Toolkit Delivers Anti-Racist Instruction for Middle School Math
- By Dian Schaffhauser
two dozen organizations, including teachers, instructional coaches,
researchers in higher education and experts from nonprofits and
offices of education recently contributed to the creation of a
for anti-racist instructional practices for teaching math in grades
6-8. Coverage includes guidance for teachers implementing hybrid and
remote learning. The project was led by the Education
which advocates for "educational justice and high academic
achievement" for and among California students.
kit offers reports or "strides" in five areas.
longest component, stride one, is an 82-page report with exercises
for helping teachers "dismantle" their own biases and
second stride (15 pages) covers approaches for deepening student
three (20 pages) shares practices to support students' social,
emotional and academic development;
fourth stride (43 page) offers tools for connecting math thinking to
English language learning; and
fifth one (28 pages) discusses coaching structures to support math
educators in their ongoing pursuit of equity practices.
gaps in academic access and achievement for Black, Latinx and
multilingual students are being exacerbated during the pandemic,"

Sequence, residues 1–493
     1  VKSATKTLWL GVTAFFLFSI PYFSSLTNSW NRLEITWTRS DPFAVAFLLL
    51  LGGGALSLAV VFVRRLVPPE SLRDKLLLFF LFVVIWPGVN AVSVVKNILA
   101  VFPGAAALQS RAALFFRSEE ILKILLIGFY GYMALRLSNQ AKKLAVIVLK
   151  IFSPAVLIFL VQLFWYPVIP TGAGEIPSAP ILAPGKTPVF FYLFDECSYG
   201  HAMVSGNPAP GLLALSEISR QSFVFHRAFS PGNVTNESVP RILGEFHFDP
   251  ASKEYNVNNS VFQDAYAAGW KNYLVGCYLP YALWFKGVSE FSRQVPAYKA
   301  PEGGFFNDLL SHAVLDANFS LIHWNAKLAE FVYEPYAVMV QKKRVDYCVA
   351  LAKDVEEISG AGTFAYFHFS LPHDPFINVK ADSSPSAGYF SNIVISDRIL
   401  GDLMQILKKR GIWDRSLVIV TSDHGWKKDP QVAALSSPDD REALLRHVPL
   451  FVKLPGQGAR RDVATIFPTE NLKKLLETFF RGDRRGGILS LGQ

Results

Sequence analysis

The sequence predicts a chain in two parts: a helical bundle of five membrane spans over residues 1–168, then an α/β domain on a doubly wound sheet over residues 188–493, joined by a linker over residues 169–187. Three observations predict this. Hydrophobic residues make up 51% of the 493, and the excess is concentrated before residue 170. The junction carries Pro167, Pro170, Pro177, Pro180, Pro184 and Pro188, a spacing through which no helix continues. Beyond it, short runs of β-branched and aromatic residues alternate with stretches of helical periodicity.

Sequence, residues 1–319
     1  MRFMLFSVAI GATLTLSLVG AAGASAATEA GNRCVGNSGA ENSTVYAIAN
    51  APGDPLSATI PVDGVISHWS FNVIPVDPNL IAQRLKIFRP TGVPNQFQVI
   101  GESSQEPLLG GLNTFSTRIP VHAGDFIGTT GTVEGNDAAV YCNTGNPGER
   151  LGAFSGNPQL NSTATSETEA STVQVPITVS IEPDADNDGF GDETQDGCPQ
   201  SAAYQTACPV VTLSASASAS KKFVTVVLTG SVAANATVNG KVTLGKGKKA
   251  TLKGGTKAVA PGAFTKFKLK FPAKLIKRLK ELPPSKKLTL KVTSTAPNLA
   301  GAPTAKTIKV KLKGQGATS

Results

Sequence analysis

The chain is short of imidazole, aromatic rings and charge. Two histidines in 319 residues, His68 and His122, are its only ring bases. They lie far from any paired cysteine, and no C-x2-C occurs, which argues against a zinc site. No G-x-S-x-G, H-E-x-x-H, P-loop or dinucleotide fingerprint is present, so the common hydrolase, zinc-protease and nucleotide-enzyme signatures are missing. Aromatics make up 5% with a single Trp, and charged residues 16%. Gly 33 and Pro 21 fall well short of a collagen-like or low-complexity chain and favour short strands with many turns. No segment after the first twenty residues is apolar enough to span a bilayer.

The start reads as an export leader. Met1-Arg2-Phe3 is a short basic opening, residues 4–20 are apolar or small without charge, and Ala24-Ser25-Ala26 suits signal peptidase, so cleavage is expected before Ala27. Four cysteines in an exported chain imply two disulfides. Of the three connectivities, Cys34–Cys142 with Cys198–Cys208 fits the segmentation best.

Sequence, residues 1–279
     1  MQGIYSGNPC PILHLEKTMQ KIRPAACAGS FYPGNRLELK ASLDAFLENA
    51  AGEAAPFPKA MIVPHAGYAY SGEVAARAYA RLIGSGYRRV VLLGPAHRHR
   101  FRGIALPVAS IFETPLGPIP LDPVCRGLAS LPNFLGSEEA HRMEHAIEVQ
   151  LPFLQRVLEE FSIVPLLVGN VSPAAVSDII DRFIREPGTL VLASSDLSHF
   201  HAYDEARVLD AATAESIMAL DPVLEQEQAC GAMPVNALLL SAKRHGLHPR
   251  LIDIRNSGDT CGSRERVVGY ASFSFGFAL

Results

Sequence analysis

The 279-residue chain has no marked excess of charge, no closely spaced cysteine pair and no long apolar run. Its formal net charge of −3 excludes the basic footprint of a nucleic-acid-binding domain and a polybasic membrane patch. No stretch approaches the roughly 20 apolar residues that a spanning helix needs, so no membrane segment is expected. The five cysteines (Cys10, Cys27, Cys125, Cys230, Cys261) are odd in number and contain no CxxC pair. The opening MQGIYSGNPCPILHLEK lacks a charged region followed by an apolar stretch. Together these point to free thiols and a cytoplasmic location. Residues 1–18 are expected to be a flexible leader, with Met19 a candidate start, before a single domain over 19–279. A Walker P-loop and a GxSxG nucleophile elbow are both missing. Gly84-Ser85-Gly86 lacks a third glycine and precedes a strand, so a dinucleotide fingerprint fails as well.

says Elisha Smith Arrillaga, executive director of the Education
Trust-West, in a statement. "We can do better for California's
students by offering educators the research-supported instructional
practices necessary for addressing inequities in math education.
School leaders and teachers can move from crisis to opportunity by
using these tools to close these gaps."
toolkit will transform math education by addressing long-standing
barriers to learning and success for Black, Latinx and bilingual
students," added Rachel Ruffalo, director of educator engagement
at the Education Trust-West. "There's no quick-fix to addressing
systemic inequities in learning. However, these resources are
designed to be used by educators now as they plan their curriculum
and offer educators opportunities for ongoing self-reflection as they
develop anti-racist math practices."
the toolkit is focused on California and relied primarily on
contributors in the state, much of the content would be applicable to
educators in any location.
toolkit is openly available as a ZIP download on
a dedicated website, "A Pathway to Equitable Math Instruction."
Dian Schaffhauser is a senior contributing editor for 1105 Media's education publications THE Journal, Campus Technology and Spaces4Learning. She can be reached at [email protected] or on Twitter @schaffhauser.